20:30:07 <jonmasters> You see there that I have simply copy-pasted the invocation from the boot script, substituting in the correct kernel, initrd, and disk image
20:30:23 <jonmasters> If you were to hit enter, that would boot now
20:30:31 <jonmasters> You can do this if you like, but shut it down afterwar
20:30:34 <jonmasters> * afterward
20:31:05 <jonmasters> the qemu model supports a few things directly, such as loading a kernel and initramfs
20:31:20 <jonmasters> it also supports loading a dtb if it is told to do so (we have not here)
20:31:30 <jonmasters> qemu also contains an internal gdb "stub"
20:31:59 <jonmasters> A gdb stub provides a mechanism for gdb (the GNU Debugger) to remotely control a "target" (in this case a system emulation model of a vexpress)
20:32:12 <jonmasters> gdb requires a kernel with full symbolic information
20:32:47 <jonmasters> that means an unstripped kernel, or a much bigger kernel vmlinux (not not vmlinuz) that still contains all of the link-time information about which source files various code came from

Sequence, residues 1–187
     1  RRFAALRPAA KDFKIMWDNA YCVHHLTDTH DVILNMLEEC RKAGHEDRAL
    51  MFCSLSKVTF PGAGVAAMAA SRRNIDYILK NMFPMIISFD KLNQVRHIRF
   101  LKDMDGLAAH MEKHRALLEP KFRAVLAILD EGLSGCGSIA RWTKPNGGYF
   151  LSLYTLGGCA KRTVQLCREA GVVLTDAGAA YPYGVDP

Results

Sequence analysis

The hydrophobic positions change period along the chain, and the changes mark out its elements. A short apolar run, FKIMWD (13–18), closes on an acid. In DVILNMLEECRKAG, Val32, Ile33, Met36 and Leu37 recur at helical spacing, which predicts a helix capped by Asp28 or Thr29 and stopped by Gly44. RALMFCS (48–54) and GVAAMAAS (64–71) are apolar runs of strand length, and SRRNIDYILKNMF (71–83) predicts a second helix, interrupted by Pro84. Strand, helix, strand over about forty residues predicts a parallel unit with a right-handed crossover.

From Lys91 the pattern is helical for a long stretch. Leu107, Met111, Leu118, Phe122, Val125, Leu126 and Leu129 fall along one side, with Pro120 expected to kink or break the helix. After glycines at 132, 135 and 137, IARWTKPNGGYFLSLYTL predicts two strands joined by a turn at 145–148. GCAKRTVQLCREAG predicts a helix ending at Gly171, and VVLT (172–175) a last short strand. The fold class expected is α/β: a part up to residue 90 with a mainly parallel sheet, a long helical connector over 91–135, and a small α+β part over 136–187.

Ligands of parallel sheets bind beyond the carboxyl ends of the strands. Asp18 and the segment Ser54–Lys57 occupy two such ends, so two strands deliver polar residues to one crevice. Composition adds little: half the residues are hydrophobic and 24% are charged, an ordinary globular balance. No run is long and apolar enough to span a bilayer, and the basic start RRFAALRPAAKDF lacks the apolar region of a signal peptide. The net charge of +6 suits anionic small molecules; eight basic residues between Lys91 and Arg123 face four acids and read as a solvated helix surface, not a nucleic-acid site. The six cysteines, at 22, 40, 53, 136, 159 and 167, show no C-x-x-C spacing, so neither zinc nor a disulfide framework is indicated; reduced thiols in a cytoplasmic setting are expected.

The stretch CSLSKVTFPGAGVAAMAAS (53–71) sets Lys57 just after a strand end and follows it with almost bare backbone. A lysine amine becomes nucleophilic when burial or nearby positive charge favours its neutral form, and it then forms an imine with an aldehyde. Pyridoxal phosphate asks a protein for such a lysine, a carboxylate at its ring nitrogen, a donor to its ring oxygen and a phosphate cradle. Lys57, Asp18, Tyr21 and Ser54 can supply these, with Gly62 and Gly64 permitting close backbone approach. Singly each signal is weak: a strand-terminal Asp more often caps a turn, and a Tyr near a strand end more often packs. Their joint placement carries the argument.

20:33:18 <jonmasters> fortunately, we keep these around in Fedora. You can get one by finding the kernel package in Koji corresponding to an installed kernel. I'll save you the bother here. You want this:
20:33:28 <jonmasters> http://armpkgs.fedoraproject.org/packages/kernel/3.6.10/8.fc18/armv7hl/kernel-debuginfo-3.6.10-8.fc18.armv7hl.rpm
20:33:56 <jonmasters> that "kernel-debuginfo" package contains all of the debugging information in DWARF format that is usually stripped from our "production" Fedora binaries
20:34:10 <jonmasters> I usually take a kernel-debuginfo package and manually extract it, as follows:
20:34:31 <jonmasters> [jcm@independence vexpress]$ rpm2cpio kernel-debuginfo-3.6.10-8.fc18.armv7hl.rpm | cpio -idv
20:34:57 <jonmasters> Doing this will result in a lot of files being extracted under a "usr" directory within the current working directory
20:35:01 <jonmasters> e.g.:
20:35:10 <jonmasters> [jcm@independence vexpress]$ ls -l usr/
20:35:10 <jonmasters> total 4
20:35:10 <jonmasters> drwxrwxr-x. 3 jcm jcm 4096 Feb 15 14:59 lib
20:35:30 <jonmasters> on a normal system, if you installed this directly it would mean stuff would go in /usr/lib
20:35:52 <jonmasters> but we are not installing directly because we are wanting to play with armv7hl kernel binaries on an x86_64 host system
20:36:07 <jonmasters> you will find some fun bits in
20:36:21 <jonmasters> [jcm@independence vexpress]$ ls -l usr/lib/debug/lib/modules/3.6.10-8.fc18.armv7hl/
20:36:21 <jonmasters> total 77876
20:36:21 <jonmasters> drwxr-xr-x.  5 jcm jcm     4096 Feb 15 14:59 extra
20:36:21 <jonmasters> drwxr-xr-x. 11 jcm jcm     4096 Feb 15 14:59 kernel
20:36:21 <jonmasters> -rwxr-xr-x.  1 jcm jcm 79734393 Feb 15 14:59 vmlinux